Computer Supported Cooperative Work (CSCW)

, Volume 19, Issue 2, pp 105–138 | Cite as

Context-Based Workplace Awareness

Concepts and Technologies for Supporting Distributed Awareness in a Hospital Environment
  • Jakob E. BardramEmail author
  • Thomas R. Hansen


Maintaining an awareness of the working context of fellow co-workers is crucial to successful cooperation in a workplace. For mobile, non co-located workers, however, such workplace awareness is hard to maintain. This paper investigates how context-aware computing can be used to facilitate workplace awareness. In particular, we present the concept of Context-Based Workplace Awareness, which is derived from years of in-depth studies of hospital work and the design of computer supported cooperative work technologies to support the distributed collaboration and coordination of clinical work within large hospitals. This empirical background has revealed that an awareness especially of the social, spatial, temporal, and activity context plays a crucial role in the coordination of work in hospitals. The paper then presents and discusses technologies designed to support context-based workplace awareness, namely the AWARE architecture, and the AwarePhone and AwareMedia applications. Based on almost 2 year’ deployment of the technologies in a large hospital, the paper discuss how the four dimension of context-based workplace awareness play out in the coordination of clinical work.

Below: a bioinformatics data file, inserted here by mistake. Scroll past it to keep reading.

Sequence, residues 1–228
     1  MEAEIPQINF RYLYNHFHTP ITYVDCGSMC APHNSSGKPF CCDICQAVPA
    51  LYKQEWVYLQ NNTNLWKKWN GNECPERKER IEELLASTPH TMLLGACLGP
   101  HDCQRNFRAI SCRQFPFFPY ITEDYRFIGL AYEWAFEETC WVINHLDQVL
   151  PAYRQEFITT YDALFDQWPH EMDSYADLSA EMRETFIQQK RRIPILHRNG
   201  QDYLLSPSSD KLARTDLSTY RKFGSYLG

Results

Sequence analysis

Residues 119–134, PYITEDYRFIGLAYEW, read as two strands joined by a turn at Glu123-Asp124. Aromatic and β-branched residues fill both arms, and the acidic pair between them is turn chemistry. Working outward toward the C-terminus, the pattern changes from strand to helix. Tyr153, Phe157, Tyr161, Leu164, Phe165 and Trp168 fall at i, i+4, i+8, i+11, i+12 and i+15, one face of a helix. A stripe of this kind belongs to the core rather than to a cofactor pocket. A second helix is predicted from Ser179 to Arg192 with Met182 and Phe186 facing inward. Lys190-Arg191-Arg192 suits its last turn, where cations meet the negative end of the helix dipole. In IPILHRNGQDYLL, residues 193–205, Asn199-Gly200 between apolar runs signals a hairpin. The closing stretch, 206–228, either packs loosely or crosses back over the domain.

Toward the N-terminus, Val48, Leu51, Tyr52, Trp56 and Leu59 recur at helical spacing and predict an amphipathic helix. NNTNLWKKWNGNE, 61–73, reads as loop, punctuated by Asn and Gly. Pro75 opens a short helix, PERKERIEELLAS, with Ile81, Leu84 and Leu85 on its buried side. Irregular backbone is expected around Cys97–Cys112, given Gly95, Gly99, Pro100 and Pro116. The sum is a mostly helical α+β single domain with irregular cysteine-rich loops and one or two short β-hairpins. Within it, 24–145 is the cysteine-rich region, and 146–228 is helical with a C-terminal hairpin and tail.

Key words

social awareness context-aware computing mobile computing hospitals pervasive healthcare AwarePhone AwareMedia 



We are indebted to Horsens Hospital for their great support and valuable input into this project and for letting us test out our ideas in a real-world environment. We would also like to thank Christian Jonigkeit, Martin Mogensen, and Mads Søgaard who were part of the team that designed, implemented, and deployed AwareMedia. This research was funded by the Danish Competence Centre ISIS Katrinebjerg, grant #108.


  1. Bardram, J. E. (2000). Temporal coordination—on time and coordination of collaborative activities at a surgical department. Computer Supported Cooperative Work. An International Journal, 9(2), 157–187.CrossRefGoogle Scholar
  2. Bardram, J. E. (2005). The Java Context Awareness Framework (JCAF)—A service infrastructure and programming framework for context-aware applications. In H. Gellersen, R. Want, & A. Schmidt (Eds.), Proceedings of the 3rd International Conference on Pervasive Computing (Pervasive 2005), Vol. 3468 of Lecture Notes in Computer Science. Munich, Germany, pp. 98–115, Springer Verlag.Google Scholar